• Mint as required
  • Lemon zest as required
  • Water to soak the artichokes

Procedure for the preparation of the artichoke alla giudia:

  1. Clean the artichoke by removing the toughest purple leaves (petals) and the tips of the central leaves, shorten the stem and clean it, keeping it about 5-6 cm long. If possible, use a knife to remove the central fibres of the artichoke.
  2. Dip the artichokes in cold water in which we will have dipped the parsley stalks broken by hand and a few leaves of parsley itself. The artichoke will keep its color without oxidizing and without blackening. Alternatively, you can add the juice of half a lemon.
  3. Slightly open the artichoke, gently spreading the central leaves to make the flower open.
  4. Dry the artichoke well.
  5. Bring the oil to 140°C in a narrow and high saucepan and immerse the artichoke, letting it fry for about 8-10 minutes (depending on the size of the artichoke).
  6. After the first cooking phase, drain the artichoke and dry it on absorbent paper towels, in the meantime bring the oil to 160°C
  7. Dip the artichoke again in the oil at 160 ° C for about 2 minutes. The outer leaves will become crunchy. Drain the artichoke on absorbent paper.
  8. Serve the artichoke alla giudia hot and crunchy (it can also be served cold), we recommend garnishing it with chopped parsley and mint, lemon zest and a drizzle of raw extra virgin olive oil.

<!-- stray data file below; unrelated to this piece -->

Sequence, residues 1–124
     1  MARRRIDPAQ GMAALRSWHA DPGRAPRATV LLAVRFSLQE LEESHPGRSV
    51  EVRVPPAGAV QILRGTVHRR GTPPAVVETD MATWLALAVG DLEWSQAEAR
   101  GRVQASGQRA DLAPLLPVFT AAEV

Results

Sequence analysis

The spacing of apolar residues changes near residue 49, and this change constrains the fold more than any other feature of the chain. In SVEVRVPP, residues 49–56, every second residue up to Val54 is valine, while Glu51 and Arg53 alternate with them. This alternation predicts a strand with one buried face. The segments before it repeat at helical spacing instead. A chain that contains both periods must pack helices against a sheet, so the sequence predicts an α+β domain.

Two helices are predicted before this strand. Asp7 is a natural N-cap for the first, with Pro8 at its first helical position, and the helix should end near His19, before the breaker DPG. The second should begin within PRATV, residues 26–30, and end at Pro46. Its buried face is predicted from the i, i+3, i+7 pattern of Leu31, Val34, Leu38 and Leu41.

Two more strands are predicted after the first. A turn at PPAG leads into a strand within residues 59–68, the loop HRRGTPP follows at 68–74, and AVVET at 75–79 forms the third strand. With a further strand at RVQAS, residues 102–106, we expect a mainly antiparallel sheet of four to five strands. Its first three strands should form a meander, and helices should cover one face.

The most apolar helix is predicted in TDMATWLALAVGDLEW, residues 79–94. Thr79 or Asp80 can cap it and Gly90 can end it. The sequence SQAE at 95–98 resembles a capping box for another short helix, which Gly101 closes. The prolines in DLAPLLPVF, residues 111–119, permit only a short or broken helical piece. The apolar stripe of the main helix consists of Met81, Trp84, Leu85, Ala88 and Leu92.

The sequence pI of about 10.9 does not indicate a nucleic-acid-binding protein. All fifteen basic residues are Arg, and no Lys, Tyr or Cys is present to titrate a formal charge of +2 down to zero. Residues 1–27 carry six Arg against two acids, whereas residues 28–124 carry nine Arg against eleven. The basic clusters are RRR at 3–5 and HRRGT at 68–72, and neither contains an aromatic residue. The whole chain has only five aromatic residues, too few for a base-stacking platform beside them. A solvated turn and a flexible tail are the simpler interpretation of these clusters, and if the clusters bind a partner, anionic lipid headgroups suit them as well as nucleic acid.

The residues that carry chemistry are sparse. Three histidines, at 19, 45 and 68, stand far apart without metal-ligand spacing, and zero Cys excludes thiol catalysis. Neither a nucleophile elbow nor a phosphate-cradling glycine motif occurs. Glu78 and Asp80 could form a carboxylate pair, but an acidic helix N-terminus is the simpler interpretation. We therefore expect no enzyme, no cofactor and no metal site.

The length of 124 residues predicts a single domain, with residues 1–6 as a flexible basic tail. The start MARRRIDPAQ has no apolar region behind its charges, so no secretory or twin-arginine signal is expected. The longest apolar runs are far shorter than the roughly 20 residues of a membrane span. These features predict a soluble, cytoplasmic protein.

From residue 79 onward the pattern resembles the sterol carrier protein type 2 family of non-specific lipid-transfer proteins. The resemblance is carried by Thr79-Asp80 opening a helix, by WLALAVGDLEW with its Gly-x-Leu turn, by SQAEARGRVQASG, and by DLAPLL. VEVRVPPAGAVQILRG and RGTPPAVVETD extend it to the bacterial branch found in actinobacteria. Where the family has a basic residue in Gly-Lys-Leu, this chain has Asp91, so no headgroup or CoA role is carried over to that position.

The Judeo-Roman cuisine is full of traditional dishes, find out here which typical dishes you absolutely must try! 

How to prepare Roman-style artichoke 

Ingredients for 3 people:

  • 3 large and fresh Roman artichokes
  • Mint as required
  • 2 cloves of garlic
  • Extra virgin olive oil as required
  • Water and lemon juice to soak the artichokes

Procedure for preparing the Roman-style artichoke:

  1. Clean the artichoke by removing the toughest purple leaves and the tips of the central leaves, shorten the stem and clean it, keeping it about 5-6 cm long. If possible, use a knife to remove the central fibres of the artichoke. Attention, the remaining part of the stem, well cleaned, can be cut into small pieces and cooked together with the whole artichoke.
  2. Immerse the artichokes in cold water in which we will have squeezed the juice of half a lemon. Alternatively, if you don’t like the sour taste, you can simply dip some hand-chopped parsley into it. The artichoke will keep its color without oxidizing and without blackening.
  3. Slightly open the artichoke, gently spreading the central leaves to make the flower open.
  4. Dry the artichoke well.
  5. Chop the mint and the pieces of the artichoke stem and stuff the artichoke in the centre and between the petals with them, adding a pinch of salt.
  6. Heat a saucepan with plenty of oil and two cloves of garlic. Once the oil has heated up, place the artichokes upside down and the artichoke stems around them. Let it brown until the head of the artichoke is in contact with the saucepan and the oil is well caramelized
  7. Remove the garlic and add water until about one third of the artichoke is covered.
  8. Lower the heat, cover with a lid and cook for about 35-40 minutes.
  9. After the cooking time, when the water has evaporated and there’s an inviting sauce on the bottom, turn off the heat and move the artichokes onto a plate. Cover with the sauce and chopped mint.

Dear Insideater, here you can find the video recipe of both Roman-style artichoke and Jewish-style artichoke prepared by our chefs Vincenzo and Simone. 

Which recipe did you like most? We love both. 

Subscribe to the “iCuochi by Insideat” YouTube channel here to discover many other tasty Italian recipes!